John Logie Baird (1888 - 1946)



Pictured above; John Logie Baird at work


Born and raised in Scotland John Logie Baird obtained a science degree and took an engineering job. He didn't like it and gave up at the age of 26 and decided to be an inventor. He spent nearly 10 years producing failed inventions. At 35 he had a good idea. He started work on a machine to transmit pictures, as well as sound, by using radio. He started out using bits and pieces from scrap yards, and built a mechanical machine which transmitted pictures.

Baird obtained plenty of funding to develop his idea, but the BBC chose an electronic system that was being developed by Marconi-EMI at the same time. This electronic system gave sharper pictures and would of proved to be more reliable, it is the basis of today's modern TV sets. Nevertheless, Baird died having made a lasting impact on the world as the 'father of television'.

Baird also could be called the father of video recordings as his 1928 invention the Phonodisc it was basically a 78rpm record that could play a video signal. It was a flop commercially but at least he was 20 years ahead of any other video recording system.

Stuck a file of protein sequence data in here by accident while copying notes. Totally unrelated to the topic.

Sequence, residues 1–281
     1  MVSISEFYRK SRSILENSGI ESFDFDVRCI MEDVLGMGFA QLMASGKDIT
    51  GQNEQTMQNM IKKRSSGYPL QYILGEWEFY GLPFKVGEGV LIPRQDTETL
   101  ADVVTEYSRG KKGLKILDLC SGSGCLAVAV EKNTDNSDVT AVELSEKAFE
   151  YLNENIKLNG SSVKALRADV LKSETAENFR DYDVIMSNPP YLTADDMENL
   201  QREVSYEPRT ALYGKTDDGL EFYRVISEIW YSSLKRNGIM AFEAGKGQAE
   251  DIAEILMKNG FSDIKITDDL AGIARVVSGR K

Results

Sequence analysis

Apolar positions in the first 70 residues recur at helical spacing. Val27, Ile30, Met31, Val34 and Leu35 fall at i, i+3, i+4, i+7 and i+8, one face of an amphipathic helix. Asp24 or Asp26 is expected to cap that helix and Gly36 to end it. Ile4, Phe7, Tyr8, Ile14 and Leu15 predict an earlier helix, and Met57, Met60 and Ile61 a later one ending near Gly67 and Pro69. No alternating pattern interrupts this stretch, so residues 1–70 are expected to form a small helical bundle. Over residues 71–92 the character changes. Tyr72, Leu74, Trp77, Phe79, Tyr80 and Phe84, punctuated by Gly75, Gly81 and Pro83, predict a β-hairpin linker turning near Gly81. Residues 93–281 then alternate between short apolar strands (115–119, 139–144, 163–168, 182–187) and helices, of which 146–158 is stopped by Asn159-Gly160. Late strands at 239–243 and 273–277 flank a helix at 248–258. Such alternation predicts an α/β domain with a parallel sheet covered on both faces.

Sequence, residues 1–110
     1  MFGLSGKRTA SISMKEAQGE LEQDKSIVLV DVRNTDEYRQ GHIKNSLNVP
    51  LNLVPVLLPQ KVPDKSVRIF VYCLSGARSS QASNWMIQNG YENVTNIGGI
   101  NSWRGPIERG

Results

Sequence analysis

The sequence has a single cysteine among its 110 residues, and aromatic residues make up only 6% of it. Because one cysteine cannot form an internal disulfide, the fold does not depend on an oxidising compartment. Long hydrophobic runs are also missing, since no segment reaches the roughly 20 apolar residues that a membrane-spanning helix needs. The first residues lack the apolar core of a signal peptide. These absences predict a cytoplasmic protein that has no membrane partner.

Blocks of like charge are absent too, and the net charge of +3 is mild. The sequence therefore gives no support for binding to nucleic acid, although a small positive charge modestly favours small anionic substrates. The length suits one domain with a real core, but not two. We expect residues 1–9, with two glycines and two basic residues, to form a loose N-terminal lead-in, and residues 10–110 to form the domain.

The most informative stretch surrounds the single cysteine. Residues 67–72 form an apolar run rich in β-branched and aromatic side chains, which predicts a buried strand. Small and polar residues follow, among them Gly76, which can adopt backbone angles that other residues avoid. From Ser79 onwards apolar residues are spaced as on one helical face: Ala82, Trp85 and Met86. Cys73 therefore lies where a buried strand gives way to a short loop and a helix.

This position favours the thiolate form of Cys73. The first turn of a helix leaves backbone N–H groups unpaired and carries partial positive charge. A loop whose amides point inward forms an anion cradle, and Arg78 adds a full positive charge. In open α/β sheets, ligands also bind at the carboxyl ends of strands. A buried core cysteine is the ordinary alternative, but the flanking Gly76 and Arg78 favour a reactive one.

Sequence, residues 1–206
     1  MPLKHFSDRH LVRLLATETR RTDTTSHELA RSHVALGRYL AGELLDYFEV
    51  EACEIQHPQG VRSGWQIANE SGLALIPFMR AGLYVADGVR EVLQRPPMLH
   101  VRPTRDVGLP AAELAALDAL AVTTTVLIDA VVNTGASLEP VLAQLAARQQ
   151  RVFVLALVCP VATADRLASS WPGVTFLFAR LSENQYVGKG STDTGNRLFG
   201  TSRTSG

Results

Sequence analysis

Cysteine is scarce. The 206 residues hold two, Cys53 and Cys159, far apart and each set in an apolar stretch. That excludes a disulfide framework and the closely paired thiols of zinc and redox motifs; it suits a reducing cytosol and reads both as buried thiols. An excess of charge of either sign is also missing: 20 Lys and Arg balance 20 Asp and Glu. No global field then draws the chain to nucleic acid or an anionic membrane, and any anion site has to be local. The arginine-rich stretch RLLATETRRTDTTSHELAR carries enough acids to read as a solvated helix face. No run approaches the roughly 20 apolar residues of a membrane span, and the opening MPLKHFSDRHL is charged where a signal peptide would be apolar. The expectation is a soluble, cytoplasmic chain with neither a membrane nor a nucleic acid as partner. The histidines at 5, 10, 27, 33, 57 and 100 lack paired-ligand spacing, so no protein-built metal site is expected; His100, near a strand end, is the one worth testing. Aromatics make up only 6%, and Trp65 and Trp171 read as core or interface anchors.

In the early 1940s Baird demonstrated a 600 line high definition color set he called telechrome as well as a stereoscopic 3D set, at the end of world war 2 there was a rush to restart operations of the existing TV system and Baird's colour system was pretty much forgotten when he died. Later RCA developed a color system that, unlike Baird's, would be compatible with the existing black and white signals.

Today an Australian television industry awards ceremony bears his name, "The Logies" is an annual event similar to the the Oscars which votes the most popular talent on Australian TV via the national TV guide "TV Week". Kylie Minogue and Paul Hogan are two of the most famous people to receive a "Logie". 

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Did You Know?

Although John Logie Baird is often considered the inventor of Television his original design is far different from the sets that first became popular. his design was mechanical in part and only could display 30 lines. 



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